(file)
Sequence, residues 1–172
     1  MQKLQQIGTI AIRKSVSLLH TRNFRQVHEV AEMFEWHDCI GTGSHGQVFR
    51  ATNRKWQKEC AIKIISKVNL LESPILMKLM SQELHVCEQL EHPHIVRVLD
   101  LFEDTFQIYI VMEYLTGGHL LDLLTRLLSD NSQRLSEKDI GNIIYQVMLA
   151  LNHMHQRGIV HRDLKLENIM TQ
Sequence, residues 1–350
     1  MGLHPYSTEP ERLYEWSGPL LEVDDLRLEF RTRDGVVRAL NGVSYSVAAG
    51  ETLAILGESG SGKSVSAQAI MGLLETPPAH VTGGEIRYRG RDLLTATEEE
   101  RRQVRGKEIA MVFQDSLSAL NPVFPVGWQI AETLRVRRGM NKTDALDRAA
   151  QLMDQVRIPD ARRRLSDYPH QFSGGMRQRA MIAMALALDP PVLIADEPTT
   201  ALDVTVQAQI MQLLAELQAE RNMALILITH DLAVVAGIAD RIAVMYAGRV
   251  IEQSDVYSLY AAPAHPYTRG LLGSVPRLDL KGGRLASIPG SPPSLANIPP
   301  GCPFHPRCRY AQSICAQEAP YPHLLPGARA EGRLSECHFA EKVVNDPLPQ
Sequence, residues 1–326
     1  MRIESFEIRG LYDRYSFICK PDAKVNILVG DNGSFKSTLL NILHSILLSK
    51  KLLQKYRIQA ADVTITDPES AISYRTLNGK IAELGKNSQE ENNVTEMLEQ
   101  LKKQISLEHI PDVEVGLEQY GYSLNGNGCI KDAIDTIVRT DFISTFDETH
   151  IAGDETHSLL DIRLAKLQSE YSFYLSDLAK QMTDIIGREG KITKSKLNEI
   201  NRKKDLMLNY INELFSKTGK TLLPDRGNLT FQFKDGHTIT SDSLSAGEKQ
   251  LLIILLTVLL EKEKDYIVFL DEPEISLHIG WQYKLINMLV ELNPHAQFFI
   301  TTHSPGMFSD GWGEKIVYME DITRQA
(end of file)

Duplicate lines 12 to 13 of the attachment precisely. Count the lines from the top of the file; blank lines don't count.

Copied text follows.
   251  IEQSDVYSLY AAPAHPYTRG LLGSVPRLDL KGGRLASIPG SPPSLANIPP
   301  GCPFHPRCRY AQSICAQEAP YPHLLPGARA EGRLSECHFA EKVVNDPLPQ